Provincial government debt-to-GDP ratios:

A technical note

By Philip Smith

Last updated: November 7, 2019

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Statistics Canada just released annual provincial economic accounts estimates with data for provincial government revenues, expenditures and deficits/surpluses in Table 36-10-0450. Currently, the statistics are available from 1981 to 2018.

What is the difference between the Statistics Canada data and those in provincial government public accounts?

The annual deficits/surpluses in the Statistics Canada tables are compiled directly from provincial government public accounts data. However they are not the same. In part, this is because Statistics Canada adjusts the numbers to a calendar year basis, such as January 1, 2018 to December 31, 2018, whereas the provincial government public accounts report for fiscal year periods, such as April 1, 2018 to March 31, 2019.

The other reason for the difference is the more important one: Individual provincial governments are free to define their accounting concepts and rules as they see fit, although they mostly conform to Public Sector Accounting standards. The accounting concepts and rules each government uses can and do change from one reporting period to the next, so there is a lack of time series consistency. In addition, provincial (and federal and local) governments are sometimes inclined to change their accounting in ways that make the "bottom lines" appear more favourable, from a political standpoint. Their Auditor Generals may object, but they do so without the power to do anything about it. This means each province has different public accounting rules, so one province cannot be properly compared with another.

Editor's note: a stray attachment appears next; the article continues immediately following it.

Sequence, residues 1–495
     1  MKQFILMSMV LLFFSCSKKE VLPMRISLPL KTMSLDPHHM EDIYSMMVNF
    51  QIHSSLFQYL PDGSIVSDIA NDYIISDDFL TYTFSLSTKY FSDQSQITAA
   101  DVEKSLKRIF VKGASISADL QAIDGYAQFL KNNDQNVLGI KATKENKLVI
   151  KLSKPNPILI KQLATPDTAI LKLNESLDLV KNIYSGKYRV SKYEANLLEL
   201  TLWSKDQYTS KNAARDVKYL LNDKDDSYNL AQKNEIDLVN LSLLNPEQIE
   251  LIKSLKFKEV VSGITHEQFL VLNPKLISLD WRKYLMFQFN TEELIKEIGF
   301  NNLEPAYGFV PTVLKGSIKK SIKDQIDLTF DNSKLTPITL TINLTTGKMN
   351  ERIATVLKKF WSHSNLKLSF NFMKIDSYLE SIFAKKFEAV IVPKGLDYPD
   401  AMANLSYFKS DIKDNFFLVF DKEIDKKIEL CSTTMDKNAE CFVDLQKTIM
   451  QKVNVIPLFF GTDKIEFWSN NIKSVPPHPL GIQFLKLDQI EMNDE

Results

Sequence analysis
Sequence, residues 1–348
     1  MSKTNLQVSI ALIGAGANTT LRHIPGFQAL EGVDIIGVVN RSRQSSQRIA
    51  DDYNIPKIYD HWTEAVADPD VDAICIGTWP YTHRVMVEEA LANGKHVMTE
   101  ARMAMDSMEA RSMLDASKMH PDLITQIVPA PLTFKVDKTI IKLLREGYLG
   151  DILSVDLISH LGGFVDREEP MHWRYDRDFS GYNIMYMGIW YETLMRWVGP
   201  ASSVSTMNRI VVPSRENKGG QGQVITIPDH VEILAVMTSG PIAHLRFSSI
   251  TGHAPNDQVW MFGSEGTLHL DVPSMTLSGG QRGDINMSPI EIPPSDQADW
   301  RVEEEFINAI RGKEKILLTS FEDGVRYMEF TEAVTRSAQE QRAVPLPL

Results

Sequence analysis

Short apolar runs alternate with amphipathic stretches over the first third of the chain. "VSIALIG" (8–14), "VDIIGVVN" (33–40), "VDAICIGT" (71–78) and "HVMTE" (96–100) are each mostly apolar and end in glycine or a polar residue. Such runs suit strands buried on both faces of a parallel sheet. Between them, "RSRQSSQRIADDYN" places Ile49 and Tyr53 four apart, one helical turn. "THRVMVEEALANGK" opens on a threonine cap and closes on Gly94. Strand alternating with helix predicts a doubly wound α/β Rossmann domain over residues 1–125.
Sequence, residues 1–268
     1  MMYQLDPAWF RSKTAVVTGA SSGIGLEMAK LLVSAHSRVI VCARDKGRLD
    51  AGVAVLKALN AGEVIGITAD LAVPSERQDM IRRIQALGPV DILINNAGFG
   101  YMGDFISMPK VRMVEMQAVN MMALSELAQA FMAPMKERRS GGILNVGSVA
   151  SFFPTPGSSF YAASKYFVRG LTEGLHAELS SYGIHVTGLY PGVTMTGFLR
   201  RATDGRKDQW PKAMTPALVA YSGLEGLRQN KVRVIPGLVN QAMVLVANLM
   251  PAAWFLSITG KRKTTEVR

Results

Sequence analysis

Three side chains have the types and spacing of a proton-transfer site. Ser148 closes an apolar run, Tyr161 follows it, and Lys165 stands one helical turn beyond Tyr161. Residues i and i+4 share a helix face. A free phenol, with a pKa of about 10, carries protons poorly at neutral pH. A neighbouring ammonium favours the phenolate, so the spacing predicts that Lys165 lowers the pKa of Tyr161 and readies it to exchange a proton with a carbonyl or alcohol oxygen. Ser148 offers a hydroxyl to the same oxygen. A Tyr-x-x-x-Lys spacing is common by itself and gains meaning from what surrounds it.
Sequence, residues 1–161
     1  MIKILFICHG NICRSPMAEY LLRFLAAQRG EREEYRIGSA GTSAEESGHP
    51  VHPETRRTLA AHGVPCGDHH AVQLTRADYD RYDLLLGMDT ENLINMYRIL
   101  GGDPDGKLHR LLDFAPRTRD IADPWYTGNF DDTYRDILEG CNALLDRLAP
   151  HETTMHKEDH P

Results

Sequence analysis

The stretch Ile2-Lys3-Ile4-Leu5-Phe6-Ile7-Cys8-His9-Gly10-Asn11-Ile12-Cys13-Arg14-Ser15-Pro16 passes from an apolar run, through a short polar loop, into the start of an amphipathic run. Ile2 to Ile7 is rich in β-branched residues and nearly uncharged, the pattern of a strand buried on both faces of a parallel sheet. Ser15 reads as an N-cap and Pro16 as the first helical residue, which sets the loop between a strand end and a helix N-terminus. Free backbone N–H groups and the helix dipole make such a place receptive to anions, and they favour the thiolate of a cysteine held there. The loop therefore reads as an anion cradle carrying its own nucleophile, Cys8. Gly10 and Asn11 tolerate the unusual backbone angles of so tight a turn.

So what can be done about this situation?

For these reasons, it is not really feasible to look at provincial government deficits/surpluses in an historical, time series context without adjusting the provincial public accounts to a single, consistent set of accounting rules. This is what the provincial economic accounts do.

Every year since 1981, Statistics Canada has assembled the official public accounts data from each province and compiled an alternative version. That version is based on the calendar year, and it applies a single set of accounting concepts and rules consistently, through time and across provinces. The concepts and rules are those of the international standard System of National Accounts.

This means if one wishes to compare provincial deficits/surpluses across the country, in a given year, the provincial economic accounts are the place to go. Also, if one wishes to compare, for a given province, the most recent deficit/surplus with ones in previous years, the provincial economic accounts are again the place to go.

But what about debt?

Statistics Canada does not currently publish estimates of the stocks of debt for provincial governments on a provincial economic accounts basis. However, such estimates can be derived fairly easily by cumulating the time sequence of deficits/surpluses of each government.

In the provincial economic accounts, the deficit/surplus is called net lending or net borrowing and it is simply the difference between all revenue coming in and all expenditure going out. The net addition to (or subtraction from) the debt is simply the deficit (or surplus). To generate a time series for provincial government debt, given a time series for the deficit/surplus, one just needs a starting value for the debt.

How to estimate provincial debt levels in 1981?